Films on Demand is an online streaming video subscription available to all Clayton State students. Last month users were busy watching the following top 10 titles:
10. Native American Religions (28 mins)
In this program, Dennis Wholey has a conversation about Native American religions with Suzan Shown Harjo, executive director of The Morning Star Institute in Washington, D.C. Topics of discussion include the American Indian Religious Freedom Act of 1978; some common aspects of the approximately 300 remaining Native American religions being practiced in the U.S. today; the concepts of a supreme being and associated sacred beings as they exist in Native American culture; the prophecies of the Cheyenne prophet Sweet Medicine and the historical impact of North America’s settlers on the land’s indigenous peoples; and the pressing need for all Americans, non-native and native alike, to create a better future together.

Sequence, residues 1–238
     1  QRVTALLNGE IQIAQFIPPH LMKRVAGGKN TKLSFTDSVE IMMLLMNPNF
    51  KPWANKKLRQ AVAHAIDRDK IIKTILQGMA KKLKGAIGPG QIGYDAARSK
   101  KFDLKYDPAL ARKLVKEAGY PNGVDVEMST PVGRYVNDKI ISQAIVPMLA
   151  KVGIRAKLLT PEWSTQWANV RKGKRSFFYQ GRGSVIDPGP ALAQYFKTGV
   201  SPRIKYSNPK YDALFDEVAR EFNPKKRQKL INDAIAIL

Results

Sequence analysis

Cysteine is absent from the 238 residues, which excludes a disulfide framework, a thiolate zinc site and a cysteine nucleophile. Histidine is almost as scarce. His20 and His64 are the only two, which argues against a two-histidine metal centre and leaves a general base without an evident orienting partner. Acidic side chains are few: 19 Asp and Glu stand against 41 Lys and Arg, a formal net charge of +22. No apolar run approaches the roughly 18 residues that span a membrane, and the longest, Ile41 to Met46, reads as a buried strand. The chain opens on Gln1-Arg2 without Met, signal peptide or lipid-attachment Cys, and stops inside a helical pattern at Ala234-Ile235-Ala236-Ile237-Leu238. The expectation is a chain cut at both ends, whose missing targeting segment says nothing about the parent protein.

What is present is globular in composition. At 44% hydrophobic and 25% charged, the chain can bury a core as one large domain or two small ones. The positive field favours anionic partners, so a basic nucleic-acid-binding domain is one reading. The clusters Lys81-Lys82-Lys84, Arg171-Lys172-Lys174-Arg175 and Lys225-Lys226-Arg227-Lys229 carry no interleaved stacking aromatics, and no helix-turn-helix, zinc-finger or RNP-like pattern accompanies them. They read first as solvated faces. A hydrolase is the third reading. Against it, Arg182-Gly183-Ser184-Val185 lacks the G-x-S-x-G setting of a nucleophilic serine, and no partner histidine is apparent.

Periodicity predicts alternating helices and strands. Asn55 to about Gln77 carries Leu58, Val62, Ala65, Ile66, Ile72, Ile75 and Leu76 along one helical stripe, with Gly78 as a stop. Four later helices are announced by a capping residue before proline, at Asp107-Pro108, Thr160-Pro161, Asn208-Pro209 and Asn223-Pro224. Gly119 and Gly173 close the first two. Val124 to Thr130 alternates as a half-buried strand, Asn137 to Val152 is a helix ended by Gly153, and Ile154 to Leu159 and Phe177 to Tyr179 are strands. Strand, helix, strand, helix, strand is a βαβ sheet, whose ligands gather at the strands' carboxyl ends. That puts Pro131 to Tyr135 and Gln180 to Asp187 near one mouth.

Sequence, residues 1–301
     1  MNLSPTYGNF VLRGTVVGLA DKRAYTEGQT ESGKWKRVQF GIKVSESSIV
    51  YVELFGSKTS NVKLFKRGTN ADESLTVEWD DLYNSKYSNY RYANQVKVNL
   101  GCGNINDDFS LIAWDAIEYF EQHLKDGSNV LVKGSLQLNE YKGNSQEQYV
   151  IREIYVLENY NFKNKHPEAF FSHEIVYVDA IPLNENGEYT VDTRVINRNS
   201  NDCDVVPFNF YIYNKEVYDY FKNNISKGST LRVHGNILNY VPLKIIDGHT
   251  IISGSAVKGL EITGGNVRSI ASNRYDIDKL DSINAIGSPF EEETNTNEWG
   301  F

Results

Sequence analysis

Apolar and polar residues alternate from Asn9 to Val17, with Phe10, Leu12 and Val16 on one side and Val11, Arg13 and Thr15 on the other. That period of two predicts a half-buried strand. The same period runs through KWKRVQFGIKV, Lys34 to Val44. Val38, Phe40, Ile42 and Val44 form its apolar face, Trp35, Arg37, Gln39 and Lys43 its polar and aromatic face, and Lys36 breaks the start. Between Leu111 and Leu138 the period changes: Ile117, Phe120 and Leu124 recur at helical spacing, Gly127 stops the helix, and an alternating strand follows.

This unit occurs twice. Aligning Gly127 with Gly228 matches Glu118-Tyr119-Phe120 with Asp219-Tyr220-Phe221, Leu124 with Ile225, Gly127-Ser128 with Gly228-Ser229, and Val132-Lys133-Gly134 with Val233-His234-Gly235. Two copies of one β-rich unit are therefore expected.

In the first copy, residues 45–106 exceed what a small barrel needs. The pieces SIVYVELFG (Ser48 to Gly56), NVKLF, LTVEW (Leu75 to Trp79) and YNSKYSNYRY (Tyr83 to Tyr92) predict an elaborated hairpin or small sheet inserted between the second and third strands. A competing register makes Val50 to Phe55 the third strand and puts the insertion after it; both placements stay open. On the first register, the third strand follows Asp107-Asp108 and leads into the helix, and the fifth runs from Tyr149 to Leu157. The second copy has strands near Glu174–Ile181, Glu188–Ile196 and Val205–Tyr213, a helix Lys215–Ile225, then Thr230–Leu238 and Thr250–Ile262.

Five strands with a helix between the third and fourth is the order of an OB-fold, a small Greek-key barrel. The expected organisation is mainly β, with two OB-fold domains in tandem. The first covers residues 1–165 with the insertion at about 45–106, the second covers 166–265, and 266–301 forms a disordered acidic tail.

9. The Phony War (58 mins)
It is 1938 and Chamberlain goes to Munich to bargain with Hitler for “peace in our time.” It was not to be. Instead, Hitler invades Czechoslovakia; Britain introduces conscription as trenches are dug and sandbags appear throughout London. Poland is invaded and Britain declares war. London evacuates its children and the British Expeditionary Force embarks for France. British shipping is being sunk, but this is nevertheless the “Phony War.” Blackouts are introduced and traffic accidents double. Churchill replaces Chamberlain. The BEF is routed in France and the disaster of Dunkirk becomes a miracle. De Gaulle flies to London as Paris falls.
8. Fractals: An Animated Discussion (63 mins)